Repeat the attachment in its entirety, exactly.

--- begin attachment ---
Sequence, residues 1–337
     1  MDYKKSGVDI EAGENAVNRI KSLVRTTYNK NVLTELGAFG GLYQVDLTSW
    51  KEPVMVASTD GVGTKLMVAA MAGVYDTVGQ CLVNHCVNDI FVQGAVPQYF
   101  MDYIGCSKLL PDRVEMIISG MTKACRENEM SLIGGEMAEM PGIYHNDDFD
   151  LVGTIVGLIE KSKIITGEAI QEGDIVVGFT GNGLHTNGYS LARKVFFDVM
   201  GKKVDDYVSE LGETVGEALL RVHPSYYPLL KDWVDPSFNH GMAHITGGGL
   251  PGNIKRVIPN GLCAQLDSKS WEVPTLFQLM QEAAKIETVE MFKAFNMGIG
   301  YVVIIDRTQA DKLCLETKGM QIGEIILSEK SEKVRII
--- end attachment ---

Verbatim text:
Sequence, residues 1–337
     1  MDYKKSGVDI EAGENAVNRI KSLVRTTYNK NVLTELGAFG GLYQVDLTSW
    51  KEPVMVASTD GVGTKLMVAA MAGVYDTVGQ CLVNHCVNDI FVQGAVPQYF
   101  MDYIGCSKLL PDRVEMIISG MTKACRENEM SLIGGEMAEM PGIYHNDDFD
   151  LVGTIVGLIE KSKIITGEAI QEGDIVVGFT GNGLHTNGYS LARKVFFDVM
   201  GKKVDDYVSE LGETVGEALL RVHPSYYPLL KDWVDPSFNH GMAHITGGGL
   251  PGNIKRVIPN GLCAQLDSKS WEVPTLFQLM QEAAKIETVE MFKAFNMGIG
   301  YVVIIDRTQA DKLCLETKGM QIGEIILSEK SEKVRII